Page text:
I must say that the discussion (if you want to call it that) is entertaining to say the least. Billie is Billie…PERIOD! We know her history, we know her legacy. And for the time, her vocal stylings were alternative. Many a critique of her was that she sang BEHIND THE BEAT, in other words she was off a bit in synchopation. Dolphy’s rendition is interesting, as in I hardly recognized it as God Bless the Child. And yes, this is Alternative and his riffs, embellishments, etc. are BOTHERING THE MELODY! I’m sure he is talented, but I couldn’t listen to the full song as it took on Ornette Coleman proportions. In my critique, I can still appreciate him playing though.

As for Tricky, it does bear some resemblence to Billie’s version in that it has a dark undercurrent and singing out of sadness. I’m not sure how to classify this version as Alternative Hip-Hop/Spoken Word or something else.

In either case, both Dolphy’s and Tricky’s versions are weird! (I know that isn’t an objective evaluation, but I have nothing else to describe it.) All in all, thanks for the point-and-counterpoint of this piece and my exposure to folks I wouldn’t listen to if I tried! LOL!

AumRa Says:
January 24th, 2006 at 5:09 pm

Once while considering the relationship with his wife, Richard Pryor had a revelation. The comedian thought, “I’m in love with a bitch i can’t stand.” That statement can also apply to most Black people’s relationship with American society. Black people, like many others in the world, are hooked on American culture. The difference between addicted Black Americans and the other junkies of the world is that domestic Black people work hard to help make the American society prosperous yet are systematically and disproportionately denied the means to share the wealth reaped from their own labor. I think thst one aspect of being in hell is living in a country where one can see wealth, observe others enjoy prosperity but you, as Black people, have no real access to it. This is especially true when you realize that others are propering at your expense. This is a sick and toxic relationship where Black people are challenged with the uneviable task of trying to reckon with a mindset that enforces public denial of the (bastard) child’s fair and rightful inheritance while that same ruling mentality continues to molest the parent with impunity when shielded behind the opaque doors of Jim Crow acts. I imagine one of the main reasons that the song, God Bless the Child resonates so strongly with Black people is because most of us can identify with having played a major role in the amassing of great wealth yet not having the opportunity to share that wealth.

When I first heard Billie Holiday – I mean really felt her- I marveled at how she was able to infuse so much spirit inside her voice. Joy and pain became chained in one passionate utterance. Billie’s projection of emotion is as pungent and subtly volatile as her gardenia. I hear Billie because I relate to the place inside of her from where the sound originates. And even though I would rarely do so outwardly, Lady allowed me to cry inside my heart of hearts. Because sometimes you gotta cry – even if it is vicariously through a blues song. Billie’s sound echoes an innate, profound love that exemplifies an astute application of interpretating the blues through personal experience. The matter-of-fact way in which she enunciates flirts with the melody and reaffirms her confidence in the ability to effectively communicate. The technique of breath control makes each phrase a song in and of itself, the perfect caressing of the pitch of evert world and syllable and then letting the tone drop at the end is the personal craft of song-styling and clearly conveys the melancoly associated with the need to detach yourself from that which you truly love. Billie Holiday is an artist who makes you feel exactly what she wants you to feel. Through the sound of her voice she allows me to experience my own humaity and strength in a personal way. Even in pastel reflection of the twilight of a short but exceptional career, Billie’s tone continued to smolder with the burnt orange intensity that radiated from a core of sincerity.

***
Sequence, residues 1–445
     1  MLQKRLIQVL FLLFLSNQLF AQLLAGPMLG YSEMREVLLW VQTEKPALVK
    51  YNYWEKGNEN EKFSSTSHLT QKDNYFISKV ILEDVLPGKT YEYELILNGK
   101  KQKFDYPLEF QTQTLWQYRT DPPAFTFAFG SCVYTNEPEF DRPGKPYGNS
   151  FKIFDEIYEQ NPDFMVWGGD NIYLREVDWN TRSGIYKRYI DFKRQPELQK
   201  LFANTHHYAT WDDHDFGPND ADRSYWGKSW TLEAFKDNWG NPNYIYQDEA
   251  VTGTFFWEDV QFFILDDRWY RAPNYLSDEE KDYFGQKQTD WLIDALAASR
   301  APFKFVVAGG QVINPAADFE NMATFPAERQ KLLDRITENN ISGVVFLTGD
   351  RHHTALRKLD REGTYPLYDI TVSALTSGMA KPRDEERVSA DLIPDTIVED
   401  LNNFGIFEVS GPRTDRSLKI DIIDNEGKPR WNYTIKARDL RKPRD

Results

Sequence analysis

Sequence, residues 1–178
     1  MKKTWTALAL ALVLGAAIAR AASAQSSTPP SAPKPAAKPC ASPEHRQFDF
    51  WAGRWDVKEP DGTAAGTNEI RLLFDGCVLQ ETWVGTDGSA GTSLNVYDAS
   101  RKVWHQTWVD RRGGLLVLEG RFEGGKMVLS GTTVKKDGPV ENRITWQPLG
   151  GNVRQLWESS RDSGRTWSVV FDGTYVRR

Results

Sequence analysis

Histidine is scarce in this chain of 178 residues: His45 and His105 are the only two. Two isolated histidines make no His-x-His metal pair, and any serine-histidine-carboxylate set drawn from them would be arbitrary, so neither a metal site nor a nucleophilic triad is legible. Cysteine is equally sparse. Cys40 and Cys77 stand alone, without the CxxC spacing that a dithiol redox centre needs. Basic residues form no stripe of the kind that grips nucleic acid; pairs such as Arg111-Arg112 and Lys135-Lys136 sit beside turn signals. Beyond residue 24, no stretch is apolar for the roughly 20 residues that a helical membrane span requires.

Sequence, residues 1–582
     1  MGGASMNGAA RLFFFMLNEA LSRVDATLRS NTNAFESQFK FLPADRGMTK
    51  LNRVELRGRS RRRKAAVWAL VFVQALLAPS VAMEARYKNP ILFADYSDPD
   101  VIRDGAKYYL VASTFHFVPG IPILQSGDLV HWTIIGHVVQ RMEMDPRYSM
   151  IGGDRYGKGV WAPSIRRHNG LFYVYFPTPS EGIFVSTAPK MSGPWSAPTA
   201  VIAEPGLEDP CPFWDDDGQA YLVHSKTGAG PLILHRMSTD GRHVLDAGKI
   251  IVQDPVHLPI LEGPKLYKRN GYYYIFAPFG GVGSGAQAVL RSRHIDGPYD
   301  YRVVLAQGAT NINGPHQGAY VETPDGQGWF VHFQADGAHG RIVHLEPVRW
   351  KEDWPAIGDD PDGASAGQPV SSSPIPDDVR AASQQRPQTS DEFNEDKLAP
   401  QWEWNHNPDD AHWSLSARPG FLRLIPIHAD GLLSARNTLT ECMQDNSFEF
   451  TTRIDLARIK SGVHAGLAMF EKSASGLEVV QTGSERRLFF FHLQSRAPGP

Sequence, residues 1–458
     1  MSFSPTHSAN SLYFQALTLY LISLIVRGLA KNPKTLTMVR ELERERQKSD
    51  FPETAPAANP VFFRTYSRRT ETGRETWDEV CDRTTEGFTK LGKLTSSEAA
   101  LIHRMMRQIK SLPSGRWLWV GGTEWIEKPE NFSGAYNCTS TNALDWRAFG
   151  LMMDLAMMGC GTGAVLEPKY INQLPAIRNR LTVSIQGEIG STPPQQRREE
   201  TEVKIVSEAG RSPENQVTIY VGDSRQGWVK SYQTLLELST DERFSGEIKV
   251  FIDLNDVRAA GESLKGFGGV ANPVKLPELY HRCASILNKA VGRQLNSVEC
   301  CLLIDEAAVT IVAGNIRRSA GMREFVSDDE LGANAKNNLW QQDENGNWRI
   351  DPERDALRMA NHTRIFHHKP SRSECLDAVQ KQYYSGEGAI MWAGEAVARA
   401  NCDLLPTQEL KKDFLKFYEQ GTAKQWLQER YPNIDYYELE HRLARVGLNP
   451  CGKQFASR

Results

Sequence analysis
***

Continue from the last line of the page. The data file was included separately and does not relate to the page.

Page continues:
Sometimes the only truth I get is from music. It is intuitive, emotional and raw. I find truth in the essence and intent behind the sincere conviction of a clear and compelling voice unleashing my spirit while capturing my imagination. Eric Dolphy and Billie Holiday, through their artistry, personify an organic relationship that speaks to the highest aspect of our collective humanity. It is important that Black people sing and make music with acoustic instruments. This music is the human element touching the profound, the unexplainable, the unfathomable within us. Live jazz and improvisation is human drama, divine comedy, the state of the art delivered in the moment. Sometimes intellectual and sometimes complex great jazz will never talk down to you as it truthfully communicates the vastness of human experience. This music bares it’s soul in ways that shames the devil.

ekere Says:
January 25th, 2006 at 9:52 am

Greetings! This dialogue had me guffawin’, Baba Kalamu, you got jokes!!!!

The Tricky joint kinda scared me in the beginning, (what was that you said about “Om,” Mtume. 🙂 ) but it became more palateable as it went on.

I like hearing these songs side by side, we take a from the center to the edge.

one love,

Aubray Says:
March 29th, 2006 at 10:18 am